Sometimes, when a heavily hyped movie arrives in theaters, the tremendous business it generates can have a negative effect on all the other surrounding films.

 For example, The Avengers landed in American cinemas on May 4, 2012.  Since that time, not only has it racked up astronomical box office figures of its own (in fact, as of the writing of this article, The Avengers is on pace to surpass Star Wars and settle in among the top five grossing movies of all time), but it has also prevented several other movies from accumulating any significant box office figures as a result.  Dark Shadows, The Dictator, and Battleship – all heavily hyped, all with significant studio backing, and all three have been consumed by the wake emanating from The Avengers.  (Please note, the author of this article is aware that there are likely plenty of other reasons why all three of those movies have failed at the box office, such as people’s tolerance for Sacha Baron Cohen, Johnny Depp’s diminishing appeal, and the fact that Battleship looks just plain awful – but for the purposes of this analogy, we’ll say it was because of The Avengers.)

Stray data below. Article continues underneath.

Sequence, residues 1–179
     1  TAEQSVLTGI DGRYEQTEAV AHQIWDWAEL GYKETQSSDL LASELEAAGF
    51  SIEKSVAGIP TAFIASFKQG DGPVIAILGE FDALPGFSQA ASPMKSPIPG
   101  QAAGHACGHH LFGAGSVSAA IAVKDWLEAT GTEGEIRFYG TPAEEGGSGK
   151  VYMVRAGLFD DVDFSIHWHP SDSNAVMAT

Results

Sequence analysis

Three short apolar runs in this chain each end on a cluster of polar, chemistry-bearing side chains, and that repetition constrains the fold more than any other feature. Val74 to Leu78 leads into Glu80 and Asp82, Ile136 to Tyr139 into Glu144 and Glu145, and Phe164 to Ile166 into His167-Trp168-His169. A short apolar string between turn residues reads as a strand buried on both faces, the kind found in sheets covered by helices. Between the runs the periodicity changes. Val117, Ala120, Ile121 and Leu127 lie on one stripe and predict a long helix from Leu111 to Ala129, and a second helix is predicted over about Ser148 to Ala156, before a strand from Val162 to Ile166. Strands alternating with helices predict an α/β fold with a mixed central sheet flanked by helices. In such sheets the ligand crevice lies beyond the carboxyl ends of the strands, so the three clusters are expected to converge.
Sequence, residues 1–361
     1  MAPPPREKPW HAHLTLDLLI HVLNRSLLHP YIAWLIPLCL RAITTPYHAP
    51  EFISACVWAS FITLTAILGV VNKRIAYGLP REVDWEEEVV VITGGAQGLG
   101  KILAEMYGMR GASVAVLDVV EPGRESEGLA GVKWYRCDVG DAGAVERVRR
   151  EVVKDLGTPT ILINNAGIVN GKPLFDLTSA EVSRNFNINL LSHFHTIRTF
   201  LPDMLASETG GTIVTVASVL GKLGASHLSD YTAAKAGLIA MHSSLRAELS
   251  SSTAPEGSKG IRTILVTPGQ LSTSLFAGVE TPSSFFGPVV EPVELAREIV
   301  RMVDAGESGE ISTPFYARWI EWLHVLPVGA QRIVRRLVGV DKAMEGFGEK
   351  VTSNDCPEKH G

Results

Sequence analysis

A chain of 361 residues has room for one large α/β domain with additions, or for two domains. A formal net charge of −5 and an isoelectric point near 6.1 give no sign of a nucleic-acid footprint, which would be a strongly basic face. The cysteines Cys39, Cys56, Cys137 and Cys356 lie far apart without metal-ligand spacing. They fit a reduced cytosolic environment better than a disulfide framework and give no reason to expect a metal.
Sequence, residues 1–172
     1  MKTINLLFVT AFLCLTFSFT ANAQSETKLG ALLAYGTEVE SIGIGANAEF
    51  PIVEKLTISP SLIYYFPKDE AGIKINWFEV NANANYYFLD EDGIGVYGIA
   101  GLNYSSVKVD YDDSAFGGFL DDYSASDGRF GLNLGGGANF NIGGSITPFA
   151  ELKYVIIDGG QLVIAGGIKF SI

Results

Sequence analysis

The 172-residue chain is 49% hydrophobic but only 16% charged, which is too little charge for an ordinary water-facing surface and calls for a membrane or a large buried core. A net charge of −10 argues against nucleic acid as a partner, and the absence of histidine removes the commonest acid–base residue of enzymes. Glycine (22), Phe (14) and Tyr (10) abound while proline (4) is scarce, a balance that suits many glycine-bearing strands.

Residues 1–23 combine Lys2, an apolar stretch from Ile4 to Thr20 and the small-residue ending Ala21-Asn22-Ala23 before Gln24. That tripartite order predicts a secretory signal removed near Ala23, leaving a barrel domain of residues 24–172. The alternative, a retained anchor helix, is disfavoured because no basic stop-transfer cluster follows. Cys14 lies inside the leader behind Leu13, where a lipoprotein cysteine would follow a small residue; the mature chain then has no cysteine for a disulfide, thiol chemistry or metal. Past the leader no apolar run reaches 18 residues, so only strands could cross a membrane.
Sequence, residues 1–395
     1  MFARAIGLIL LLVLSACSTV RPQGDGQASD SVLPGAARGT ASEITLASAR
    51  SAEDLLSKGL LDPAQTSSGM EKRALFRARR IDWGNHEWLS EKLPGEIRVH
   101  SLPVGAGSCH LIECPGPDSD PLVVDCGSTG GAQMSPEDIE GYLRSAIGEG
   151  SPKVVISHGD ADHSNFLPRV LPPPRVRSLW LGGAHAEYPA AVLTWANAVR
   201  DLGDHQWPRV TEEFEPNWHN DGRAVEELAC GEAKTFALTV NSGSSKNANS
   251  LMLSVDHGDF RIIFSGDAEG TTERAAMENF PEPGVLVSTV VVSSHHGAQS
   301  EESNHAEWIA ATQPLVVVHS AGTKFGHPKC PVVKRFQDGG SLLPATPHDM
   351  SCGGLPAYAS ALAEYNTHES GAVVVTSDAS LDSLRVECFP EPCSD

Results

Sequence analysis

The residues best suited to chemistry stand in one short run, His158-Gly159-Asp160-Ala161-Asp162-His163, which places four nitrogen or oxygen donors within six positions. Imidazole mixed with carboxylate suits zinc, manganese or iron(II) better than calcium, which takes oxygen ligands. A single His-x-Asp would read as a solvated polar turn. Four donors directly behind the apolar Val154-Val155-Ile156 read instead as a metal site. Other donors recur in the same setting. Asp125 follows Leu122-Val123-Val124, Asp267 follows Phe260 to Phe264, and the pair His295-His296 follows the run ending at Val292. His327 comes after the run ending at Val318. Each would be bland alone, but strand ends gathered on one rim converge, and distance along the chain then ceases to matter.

Brinker Restaurant Corp. v. Superior Court (2012) 2012 WL 1216356, is the California legal equivalent of The Avengers, a case so large that its ripple is already beginning to demolish smaller lawsuits in its wake.  Take, for example, the Superior Court for the County of Los Angeles’ ruling in Kimani v. Healthcare Investments, Inc., Case No. BC432360 (May 11, 2012).  The group of plaintiff nurses in Kimani alleged that the defendant had failed to provide timely meal breaks, failed to overtime and double-time wages due, failed to provide itemized wage statements, and committed other unfair business practices.  On February 8, 2012, the court denied certification of the class as to the theories regarding overtime, failure to provide first meal breaks and failure to provide rest breaks.  Following that ruling, the court ordered briefing on the only remaining theories regarding the alleged denial of compliant second meal breaks when the nurses worked double-shifts.

Enter Brinker.  With the force of six superheroes defending a city against an army of alien invaders, the court cited to Brinker for the proposition that an employer must only relieve the employee of all duty for the designated meal period, but not ensure that the employee does no work.  With that Thor-esque hammer of an edict in hand, the court reasoned that if the defendant had allowed the nurses to take a break before the start of their second shift, then it had a defense to the statutory violation.  The defendant proffered evidence that if a nurse agreed to work a double shift, she was allowed a second break in exchange for the extra hours.  Any further investigation into the matter would require an individualized inquiry, defeating the common questions of law.

The Bottom Line:  While courts continue to interpret the Brinker decision, at least one has held that for purposes of class certification questions, an employer need only provide a meal break, it does not need to enforce that an employee perform no work.